Three years ago I visited Microsoft to ask its top managers these basic questions: How does Microsoft measure power, and which countries have it and which ones don't? They answered that Microsoft measured power by one ratio: personal computers per household. And on Microsoft's power map South Korea ranked highest in the world, with the United States and Japan also near the top; Europe was all on the rise, except for France; but the Middle East, save for Israel, was a black hole.

Well, last week I went to Silicon Valley to ask the same questions to the cutting-edge technology companies there, and I got a very different answer from three years ago. Silicon Valley measures power today not in PCs per household, but in networks per capita. That is, how broadly and deeply has a country taken its PCs and linked them together into networks within companies, schools and entertainment sources, and then tied them into the Internet and the World Wide Web? And how broad is its bandwidth, which is the capacity of cable, telephone lines and fiber optics to carry digital communications from point to point in networks? "Bandwidth" and "degree of connectivity" - those are the new measures of power in the Silicon Universe."What people have not grasped is that the Internet will change everything," says John Chambers, the dynamic president of Cisco Systems - the most important American company that no one has ever heard of. It makes the black boxes that connect the Internet around the world.

"The Internet will change how people live, work, play and learn. The Industrial Revolution brought together people with machines in factories, and the Internet revolution will bring together people with knowledge and information in virtual companies. And it will have every bit as much impact on society as the Industrial Revolution. It will promote globalization at an incredible pace. But instead of happening over 100 years, like the Industrial Revolution, it will happen over 7 years."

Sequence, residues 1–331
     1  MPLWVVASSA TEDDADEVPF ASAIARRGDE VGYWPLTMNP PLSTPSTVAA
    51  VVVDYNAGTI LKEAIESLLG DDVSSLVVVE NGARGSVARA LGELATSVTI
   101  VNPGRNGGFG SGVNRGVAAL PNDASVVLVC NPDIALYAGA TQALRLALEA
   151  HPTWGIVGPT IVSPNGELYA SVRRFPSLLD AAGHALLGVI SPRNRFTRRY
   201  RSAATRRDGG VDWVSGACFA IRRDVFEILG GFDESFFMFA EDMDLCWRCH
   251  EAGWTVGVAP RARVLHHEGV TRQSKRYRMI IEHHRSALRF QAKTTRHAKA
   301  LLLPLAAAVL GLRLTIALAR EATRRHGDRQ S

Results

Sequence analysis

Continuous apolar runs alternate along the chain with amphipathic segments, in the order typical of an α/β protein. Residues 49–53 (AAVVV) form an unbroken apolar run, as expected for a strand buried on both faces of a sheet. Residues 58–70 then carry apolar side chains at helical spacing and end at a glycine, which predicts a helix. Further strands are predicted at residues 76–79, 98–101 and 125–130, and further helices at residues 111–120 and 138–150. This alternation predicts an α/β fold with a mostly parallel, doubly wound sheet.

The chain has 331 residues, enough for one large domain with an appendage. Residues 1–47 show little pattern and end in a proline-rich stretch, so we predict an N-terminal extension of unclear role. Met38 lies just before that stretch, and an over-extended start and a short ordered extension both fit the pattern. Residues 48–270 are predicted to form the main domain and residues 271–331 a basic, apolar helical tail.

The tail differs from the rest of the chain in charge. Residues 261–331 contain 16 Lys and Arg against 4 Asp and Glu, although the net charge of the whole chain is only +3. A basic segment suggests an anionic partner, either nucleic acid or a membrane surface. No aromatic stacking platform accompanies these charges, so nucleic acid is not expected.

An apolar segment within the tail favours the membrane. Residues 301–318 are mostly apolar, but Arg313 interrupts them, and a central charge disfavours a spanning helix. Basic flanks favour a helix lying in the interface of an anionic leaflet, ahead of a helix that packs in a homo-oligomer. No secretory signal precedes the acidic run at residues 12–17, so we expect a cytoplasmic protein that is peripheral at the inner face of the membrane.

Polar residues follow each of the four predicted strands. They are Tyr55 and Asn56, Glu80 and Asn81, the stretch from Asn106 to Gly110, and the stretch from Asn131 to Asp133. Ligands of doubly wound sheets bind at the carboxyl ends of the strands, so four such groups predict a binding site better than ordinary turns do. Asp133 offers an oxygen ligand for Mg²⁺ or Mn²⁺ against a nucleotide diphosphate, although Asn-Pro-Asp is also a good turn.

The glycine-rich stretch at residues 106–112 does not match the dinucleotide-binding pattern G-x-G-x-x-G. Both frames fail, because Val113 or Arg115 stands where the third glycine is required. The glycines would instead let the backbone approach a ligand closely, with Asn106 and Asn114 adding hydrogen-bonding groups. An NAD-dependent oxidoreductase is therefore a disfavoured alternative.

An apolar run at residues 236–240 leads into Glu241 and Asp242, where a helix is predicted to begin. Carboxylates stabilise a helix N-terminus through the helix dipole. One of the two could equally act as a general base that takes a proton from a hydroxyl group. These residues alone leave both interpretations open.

A few caveats: Chambers has an obvious self-interest in promoting this world view. The Internet revolution will take more than seven years. And bandwidth is a huge problem, because until the digital pipes get bigger and more organized, networking will be constrained. All that aside, Chambers is still right: Jobs and economic power will gravitate to those societies with the most networks and bandwidth, because those countries will find it easiest to gather, tap and deploy knowledge in order to design, invent, manufacture, communicate, educate and entertain.

Beyond bandwidth and connectivity, three other factors will distinguish companies and countries. One is whether you have a business culture where your people are comfortable exploiting networks and sharing their knowledge. I know a management consultant who likes to say about the German electronics giant Siemens: "If Siemens only knew what Siemens knows it would be a rich company." The second is whether you have a competitive culture in which big companies have to either constantly reinvent themselves or be overtaken by startup companies, which is the essence of Silicon Valley. And the third factor is whether your company is good at creating strategic partnerships. You cannot compete today on a large scale without going global, and you can't go global without partners - the markets are simply too big and complex, and the level of investment too great.

"No one can do it by themselves anymore," argues Chambers. "The companies who do not understand how to truly partner will get left behind."

So who's hot and who's not in today's world? Taiwan is feared in Silicon Valley for its innovative prowess, connectivity and dynamic capitalist business culture that exploits all this technology. The United States, Britain, Canada, Australia and parts of Israel and India also fall into this category, with China rising. Scandinavia, particularly Finland, scores very high on total networking, but lacks the entrepreneurial culture to fully exploit it. Japan and Korea are falling behind in network investments. Germany is catching up and France has just woken up.

New York Times News Service